By Lydia Dobson, Jessica Evans and Adam Lee
Two and a half years ago, Cas Geddes, a young man living with schizophrenia, died by suicide at the Ottawa-Carleton Detention Centre. Like many others flagged for suicide risk in Ontario jails, Cas was prevented from calling his loved ones for support in his time of need. This is because his family didn’t have access to landline phones and the current contract between Bell Canada and the Ontario Ministry of the Solicitor General bans calls to cell phones, among many other restrictions.
Many people are aware of the popular Bell Let’s Talk Campaign, which raises money toward supporting mental health. What far fewer people know is that Bell Canada and the Ministry charge the families and loved ones of prisoners, a population at a severely heightened risk of suicide, high collect call fees for phone connection and prevent calls to cell phones from being made. In doing so, Bell Canada contributes to heightening the risks of mental health incidents caused by isolation and disconnection.
Profits over inmates’ mental health
A topic which has seen some debate is the percentage kickback that Bell Canada gives to the Ministry. Unlike most phone service contracts, this one is structured so that the Ministry pays nothing for the services. Instead, Bell Canada pays the Ministry for exclusive access to a population of people who have no alternative option but to use their services.
Collect calls in Ontario jails can be made at a rate of $0.40/minute, in addition to an initial connect fee. These calls cut off after 20 minutes and can only be made to landlines, despite knowledge that only 2/3 of Ontarians have landlines. In addition, the jail phones prevent access to switch boards lines (anything where you have to dial in a number to get through) preventing prisoners from calling most mental health facilities and 1-800 crisis lines.
Unlike Ontario, the majority of Canadian provinces allow prisoners to receive voicemail, call cell phones, call internet phones, and also provide families with access to discounted collect calling packages through a U.S. corporation, Synergy. However, even Synergy users have expressed outrage at the exorbitant costs that are downloaded onto the families and loved ones of prisoners. The hypocrisy in Ontario is that Bell, a corporation that publicly proclaims a commitment to mental health, doesn’t even offer this level of service.
In 2017, Thomas Reuter published a report citing the leading cause of death for prisoners in Canadian jails as suicide. Communication with family and friends are crucial for a population which presents with greater complex health needs while simultaneously having those needs vastly underserviced. Phone services for prisoners aren’t a privilege – they’re a necessity deeply connected to a person’s ability to maintain mental health and connections in the community.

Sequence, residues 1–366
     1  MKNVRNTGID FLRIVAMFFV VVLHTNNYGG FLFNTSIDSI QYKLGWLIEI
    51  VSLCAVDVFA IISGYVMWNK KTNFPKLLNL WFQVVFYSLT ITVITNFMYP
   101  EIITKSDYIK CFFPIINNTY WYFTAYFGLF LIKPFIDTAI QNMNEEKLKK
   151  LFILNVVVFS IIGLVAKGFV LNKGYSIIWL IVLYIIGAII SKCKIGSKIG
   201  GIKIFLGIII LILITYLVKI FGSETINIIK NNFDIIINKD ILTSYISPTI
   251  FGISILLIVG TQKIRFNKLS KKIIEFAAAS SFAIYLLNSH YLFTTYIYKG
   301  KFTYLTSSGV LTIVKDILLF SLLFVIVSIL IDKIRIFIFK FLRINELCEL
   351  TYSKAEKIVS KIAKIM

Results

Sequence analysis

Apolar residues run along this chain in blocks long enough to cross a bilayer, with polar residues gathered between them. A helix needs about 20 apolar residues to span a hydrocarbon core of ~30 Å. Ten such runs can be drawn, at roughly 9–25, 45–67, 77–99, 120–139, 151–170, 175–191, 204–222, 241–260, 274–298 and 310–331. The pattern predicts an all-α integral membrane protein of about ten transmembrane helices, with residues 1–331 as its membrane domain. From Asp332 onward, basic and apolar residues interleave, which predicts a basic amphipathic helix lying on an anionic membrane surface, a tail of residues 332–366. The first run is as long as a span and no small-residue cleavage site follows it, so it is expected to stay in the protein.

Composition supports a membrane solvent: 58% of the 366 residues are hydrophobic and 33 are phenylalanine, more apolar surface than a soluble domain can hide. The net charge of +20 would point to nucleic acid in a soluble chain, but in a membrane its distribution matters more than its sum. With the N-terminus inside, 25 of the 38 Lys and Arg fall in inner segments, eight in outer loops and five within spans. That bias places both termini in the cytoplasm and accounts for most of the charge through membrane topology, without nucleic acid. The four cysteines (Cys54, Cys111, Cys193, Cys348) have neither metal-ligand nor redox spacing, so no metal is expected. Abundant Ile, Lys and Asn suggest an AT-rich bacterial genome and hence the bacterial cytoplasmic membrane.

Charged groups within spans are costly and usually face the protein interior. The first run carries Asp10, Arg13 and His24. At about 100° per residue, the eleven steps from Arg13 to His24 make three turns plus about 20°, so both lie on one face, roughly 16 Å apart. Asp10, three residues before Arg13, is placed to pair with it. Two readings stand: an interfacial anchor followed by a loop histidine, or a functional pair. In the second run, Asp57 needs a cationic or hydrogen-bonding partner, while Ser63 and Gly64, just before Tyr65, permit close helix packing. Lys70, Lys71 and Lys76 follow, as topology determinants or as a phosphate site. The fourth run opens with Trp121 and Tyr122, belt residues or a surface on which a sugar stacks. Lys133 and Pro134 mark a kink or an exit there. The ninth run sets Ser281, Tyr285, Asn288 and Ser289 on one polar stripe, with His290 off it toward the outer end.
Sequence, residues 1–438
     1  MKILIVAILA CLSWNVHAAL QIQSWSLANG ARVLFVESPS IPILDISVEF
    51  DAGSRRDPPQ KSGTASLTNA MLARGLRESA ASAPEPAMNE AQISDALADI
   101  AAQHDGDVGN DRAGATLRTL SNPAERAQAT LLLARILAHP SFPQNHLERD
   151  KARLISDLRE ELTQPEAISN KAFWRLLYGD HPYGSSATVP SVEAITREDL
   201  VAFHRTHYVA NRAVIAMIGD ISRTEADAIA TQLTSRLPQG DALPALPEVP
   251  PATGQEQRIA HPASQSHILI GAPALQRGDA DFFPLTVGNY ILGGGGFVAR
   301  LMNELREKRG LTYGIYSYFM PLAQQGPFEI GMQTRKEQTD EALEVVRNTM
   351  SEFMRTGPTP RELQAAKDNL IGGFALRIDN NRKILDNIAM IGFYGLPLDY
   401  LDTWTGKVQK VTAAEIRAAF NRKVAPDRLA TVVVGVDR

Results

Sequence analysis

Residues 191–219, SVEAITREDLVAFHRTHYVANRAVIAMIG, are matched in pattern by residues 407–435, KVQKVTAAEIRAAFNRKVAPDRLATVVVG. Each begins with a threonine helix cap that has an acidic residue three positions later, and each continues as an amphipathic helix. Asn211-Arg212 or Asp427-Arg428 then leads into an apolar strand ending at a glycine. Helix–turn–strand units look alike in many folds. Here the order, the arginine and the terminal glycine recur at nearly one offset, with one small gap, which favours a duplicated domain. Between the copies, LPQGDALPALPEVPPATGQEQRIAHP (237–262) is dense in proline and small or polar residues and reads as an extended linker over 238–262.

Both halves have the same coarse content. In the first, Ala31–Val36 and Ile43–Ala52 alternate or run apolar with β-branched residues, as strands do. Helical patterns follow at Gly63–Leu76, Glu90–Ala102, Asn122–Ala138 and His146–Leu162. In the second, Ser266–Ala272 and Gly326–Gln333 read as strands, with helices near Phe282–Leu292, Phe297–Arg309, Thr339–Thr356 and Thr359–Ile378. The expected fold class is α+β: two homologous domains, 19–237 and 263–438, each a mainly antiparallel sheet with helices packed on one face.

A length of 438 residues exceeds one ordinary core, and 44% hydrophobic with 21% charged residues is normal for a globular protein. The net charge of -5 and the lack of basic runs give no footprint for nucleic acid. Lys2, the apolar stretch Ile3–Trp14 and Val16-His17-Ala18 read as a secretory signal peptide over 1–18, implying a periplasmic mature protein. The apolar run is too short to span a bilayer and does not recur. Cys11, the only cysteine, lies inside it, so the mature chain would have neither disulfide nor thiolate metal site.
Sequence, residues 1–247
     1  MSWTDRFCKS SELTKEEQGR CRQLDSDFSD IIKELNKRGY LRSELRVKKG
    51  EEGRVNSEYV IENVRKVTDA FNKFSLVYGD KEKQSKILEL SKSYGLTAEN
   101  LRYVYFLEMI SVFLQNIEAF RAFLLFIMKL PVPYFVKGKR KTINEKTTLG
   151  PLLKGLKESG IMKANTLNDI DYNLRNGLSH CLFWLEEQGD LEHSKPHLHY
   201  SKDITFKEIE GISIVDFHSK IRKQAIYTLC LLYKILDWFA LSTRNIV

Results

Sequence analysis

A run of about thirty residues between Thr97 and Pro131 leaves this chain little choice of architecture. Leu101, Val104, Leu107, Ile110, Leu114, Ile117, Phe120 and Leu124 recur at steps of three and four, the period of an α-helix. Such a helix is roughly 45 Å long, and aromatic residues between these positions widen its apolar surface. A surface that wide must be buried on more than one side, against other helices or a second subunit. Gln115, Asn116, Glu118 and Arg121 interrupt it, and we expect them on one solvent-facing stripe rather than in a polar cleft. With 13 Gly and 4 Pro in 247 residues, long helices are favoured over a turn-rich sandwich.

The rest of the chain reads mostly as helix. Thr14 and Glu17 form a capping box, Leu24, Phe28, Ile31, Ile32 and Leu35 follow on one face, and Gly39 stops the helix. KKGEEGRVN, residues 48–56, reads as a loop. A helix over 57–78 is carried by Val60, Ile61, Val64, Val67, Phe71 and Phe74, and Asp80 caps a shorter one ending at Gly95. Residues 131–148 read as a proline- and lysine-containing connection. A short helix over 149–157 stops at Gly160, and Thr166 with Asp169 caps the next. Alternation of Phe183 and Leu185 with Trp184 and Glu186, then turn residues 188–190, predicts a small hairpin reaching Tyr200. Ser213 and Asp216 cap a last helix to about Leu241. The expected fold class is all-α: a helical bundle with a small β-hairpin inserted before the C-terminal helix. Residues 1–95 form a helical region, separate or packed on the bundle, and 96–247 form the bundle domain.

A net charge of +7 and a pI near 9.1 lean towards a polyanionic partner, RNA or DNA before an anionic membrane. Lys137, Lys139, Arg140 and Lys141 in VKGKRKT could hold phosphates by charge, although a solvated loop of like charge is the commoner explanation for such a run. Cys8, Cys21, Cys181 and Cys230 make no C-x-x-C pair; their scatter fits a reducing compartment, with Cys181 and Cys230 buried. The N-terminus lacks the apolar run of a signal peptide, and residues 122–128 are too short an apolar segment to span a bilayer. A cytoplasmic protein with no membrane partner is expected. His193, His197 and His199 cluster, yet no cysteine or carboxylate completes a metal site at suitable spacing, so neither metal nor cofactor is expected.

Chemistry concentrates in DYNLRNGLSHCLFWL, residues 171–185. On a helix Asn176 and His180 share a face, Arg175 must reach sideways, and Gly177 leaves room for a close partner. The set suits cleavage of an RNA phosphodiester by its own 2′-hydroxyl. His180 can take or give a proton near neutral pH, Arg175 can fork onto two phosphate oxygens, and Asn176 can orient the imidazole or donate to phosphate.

It’s no secret that Canadian jails and prisons are locking up Black, Indigenous, racialized, and poor people at rates far higher than anyone else. Indigenous adults make up roughly 30% of the prison population in Canada (provincially and federally) while representing only 4% of the general population. Similarly, the proportion of Black adults in federal prisons is three-times greater than their representation in the Canadian population. These people and their families are the ones most affected by the phone contract and the resulting lack of contact and high rates, where phone bills can skyrocket to hundreds or even thousands of dollars per month. These are the people whose mental health, safety, and pocketbooks are disproportionately exploited by Bell and the Ministry—all in the name of profit.
Let’s talk about free calls
The contract between Bell Canada and the Ministry expires this year. Advocates, ourselves included, have called for a jail phone system that doesn’t exploit the families and loved ones of prisoners. The Ministry needs to negotiate a contract that supports human connection and mental health. The Jail Accountability and Information Line in Ottawa has produced multiple reports on the harms caused by this phone system and made several recommendations that we support. Following thousands of interactions with a Twitter account launched in October (@letstalkjails) dedicated to advocating for a better contract, the Ministry recently announced their intention to allow calls to cell phones, but this alone will not end the exploitation of prisoners—not while there is still a cost to prisoners and a profit incentive for Bell and the Ministry.
Rather than financially profiting from a system that prevents access to mental health support, the Ministry must allow free calling for Ontario prisoners to promote safe re-entry and save lives. It’s time for the Ministry to fulfill its obligations and for Bell Canada to live up to its commitment to mental health. Allowing calls to cell phones is only a small step forward. On Bell Let’s Talk Day, January 29, 2020, demonstrations will be held in Toronto and Ottawa to hold Bell and the Ministry accountable. The demands of these actions are for 1) free calls 2) calls to cell phones and 3) elimination of the 20-minute time limit.
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